If you pay more attention to your work wardrobe than your punctuation, rethink your priorities. While dressing well is one way of presenting yourself as a professional, your grammar also sends a message to others. If you're constantly mixing up words and forgetting commas, it's time to brush up on grammar basics and learn to communicate effectively at work.
Good grammar makes it easier for people to understand each other. Good communication helps projects stay on course with fewer mistakes, misunderstandings and delays.
Many people find bad grammar annoying and even painful to read or hear. When you don't take time to choose your words carefully or constantly fail to punctuate properly, you show a lack of respect for your colleagues. Over time, this can lower their respect for you and can harm your career.
Using good grammar enhances your image as a professional. People are more likely to listen to what you have to say if you speak or write it correctly. Unfortunately, some people may interpret your bad grammar as an indicator of low intelligence or a lack of education. This undermines your credibility.
If you are concerned about bad grammar, help is available. Check out adult education and community college programs in your area for remedial English courses. In some cases, bad grammar may be a symptom of an undiagnosed learning disability. If you work for a company that has an employee assistance program (EAP), contact the service to ask about getting an assessment. If your employer doesn't offer an EAP, ask your doctor or insurance company for referrals to professionals who provide adult learning disability evaluations.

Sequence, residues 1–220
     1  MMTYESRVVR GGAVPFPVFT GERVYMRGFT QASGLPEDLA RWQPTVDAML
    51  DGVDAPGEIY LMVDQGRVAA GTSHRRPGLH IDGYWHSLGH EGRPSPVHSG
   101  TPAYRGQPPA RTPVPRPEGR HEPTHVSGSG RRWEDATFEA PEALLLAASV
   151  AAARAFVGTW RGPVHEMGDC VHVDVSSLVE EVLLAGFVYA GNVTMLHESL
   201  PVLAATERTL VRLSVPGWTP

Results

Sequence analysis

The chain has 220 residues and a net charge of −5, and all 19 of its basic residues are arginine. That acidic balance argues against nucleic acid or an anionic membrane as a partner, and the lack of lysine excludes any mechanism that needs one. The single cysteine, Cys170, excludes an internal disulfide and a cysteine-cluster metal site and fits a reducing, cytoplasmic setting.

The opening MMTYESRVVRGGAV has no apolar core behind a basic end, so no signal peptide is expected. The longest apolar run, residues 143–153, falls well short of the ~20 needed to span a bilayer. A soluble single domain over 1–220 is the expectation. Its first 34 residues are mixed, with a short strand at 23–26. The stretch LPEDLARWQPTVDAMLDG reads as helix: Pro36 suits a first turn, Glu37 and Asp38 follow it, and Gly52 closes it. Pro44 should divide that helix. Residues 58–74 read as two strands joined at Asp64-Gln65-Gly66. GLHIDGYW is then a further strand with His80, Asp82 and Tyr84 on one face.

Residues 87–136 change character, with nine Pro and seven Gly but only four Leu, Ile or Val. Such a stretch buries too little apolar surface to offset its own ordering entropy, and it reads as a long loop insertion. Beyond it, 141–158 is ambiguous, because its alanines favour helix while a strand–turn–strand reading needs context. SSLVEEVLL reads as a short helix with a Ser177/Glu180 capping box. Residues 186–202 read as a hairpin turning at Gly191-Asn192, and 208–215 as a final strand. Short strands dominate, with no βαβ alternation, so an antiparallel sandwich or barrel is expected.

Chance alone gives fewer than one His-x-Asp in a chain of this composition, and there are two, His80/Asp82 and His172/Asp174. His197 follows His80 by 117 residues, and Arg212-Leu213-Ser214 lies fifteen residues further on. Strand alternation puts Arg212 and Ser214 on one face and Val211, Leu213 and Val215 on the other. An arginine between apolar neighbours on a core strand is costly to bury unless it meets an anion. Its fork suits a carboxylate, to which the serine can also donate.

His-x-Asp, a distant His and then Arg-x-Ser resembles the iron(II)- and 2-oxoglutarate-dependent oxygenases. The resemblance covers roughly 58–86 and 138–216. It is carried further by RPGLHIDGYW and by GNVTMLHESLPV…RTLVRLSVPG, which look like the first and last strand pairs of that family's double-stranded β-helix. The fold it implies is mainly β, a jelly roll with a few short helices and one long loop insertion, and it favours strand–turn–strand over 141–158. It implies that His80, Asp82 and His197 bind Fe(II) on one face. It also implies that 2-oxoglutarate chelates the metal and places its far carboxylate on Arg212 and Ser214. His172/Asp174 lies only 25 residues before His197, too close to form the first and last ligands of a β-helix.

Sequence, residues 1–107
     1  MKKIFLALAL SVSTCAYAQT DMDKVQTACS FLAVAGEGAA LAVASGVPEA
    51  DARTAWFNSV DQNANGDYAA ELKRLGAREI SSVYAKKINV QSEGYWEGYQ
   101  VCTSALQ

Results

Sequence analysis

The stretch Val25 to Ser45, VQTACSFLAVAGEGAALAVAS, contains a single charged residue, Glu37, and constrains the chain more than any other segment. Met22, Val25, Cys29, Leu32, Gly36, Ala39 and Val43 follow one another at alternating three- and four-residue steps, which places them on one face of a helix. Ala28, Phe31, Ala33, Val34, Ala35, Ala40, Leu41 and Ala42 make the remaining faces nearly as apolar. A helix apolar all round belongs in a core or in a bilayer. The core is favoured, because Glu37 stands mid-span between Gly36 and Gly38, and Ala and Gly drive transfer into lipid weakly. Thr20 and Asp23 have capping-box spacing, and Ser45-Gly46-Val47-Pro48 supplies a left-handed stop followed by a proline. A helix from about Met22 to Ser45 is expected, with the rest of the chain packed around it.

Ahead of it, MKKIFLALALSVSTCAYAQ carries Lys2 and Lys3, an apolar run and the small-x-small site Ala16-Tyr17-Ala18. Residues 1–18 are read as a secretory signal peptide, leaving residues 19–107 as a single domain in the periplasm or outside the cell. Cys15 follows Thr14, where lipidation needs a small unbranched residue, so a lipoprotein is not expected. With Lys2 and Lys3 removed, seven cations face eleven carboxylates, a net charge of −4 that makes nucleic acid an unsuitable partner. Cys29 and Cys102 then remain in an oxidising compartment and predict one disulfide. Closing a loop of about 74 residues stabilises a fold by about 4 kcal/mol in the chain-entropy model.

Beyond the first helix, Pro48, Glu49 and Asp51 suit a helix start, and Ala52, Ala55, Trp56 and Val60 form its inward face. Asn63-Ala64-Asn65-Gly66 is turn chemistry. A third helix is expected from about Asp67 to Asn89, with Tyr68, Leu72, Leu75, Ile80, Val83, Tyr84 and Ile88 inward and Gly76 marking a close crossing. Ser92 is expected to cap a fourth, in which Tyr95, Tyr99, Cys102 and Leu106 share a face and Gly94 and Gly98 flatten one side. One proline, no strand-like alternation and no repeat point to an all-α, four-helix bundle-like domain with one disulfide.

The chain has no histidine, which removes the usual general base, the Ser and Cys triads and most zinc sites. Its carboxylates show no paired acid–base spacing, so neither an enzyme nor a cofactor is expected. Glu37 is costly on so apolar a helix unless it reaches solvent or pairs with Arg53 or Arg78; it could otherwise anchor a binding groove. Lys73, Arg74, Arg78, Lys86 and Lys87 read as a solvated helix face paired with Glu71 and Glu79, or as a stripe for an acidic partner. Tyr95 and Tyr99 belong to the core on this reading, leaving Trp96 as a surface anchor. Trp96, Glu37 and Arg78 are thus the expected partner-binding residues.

Don't be a grammar bully. Correcting people's grammatical errors is a big no-no. It's never appropriate to embarrass or humiliate a coworker or subordinate just because she confuses "it's" and "its". If you work in a supervisory role and notice that an employee routinely uses bad grammar in emails or in meetings, gently bring up the topic in private. You might want to look into educational resources, such as books and courses, before the meeting so that you can offer her some ideas for getting her grammar up to speed.
- Forbes: Your Bad Grammar at Work: What's the Problem?
- Harvard Business Review: I Won't Hire People Who Use Poor Grammar. Here's Why.
- University of West Florida: Switching Gears
- Tools for Life Georgia: Writing Difficulties
- Psychology Today: Depression and Learning Disabilities: Putting the Pieces Together
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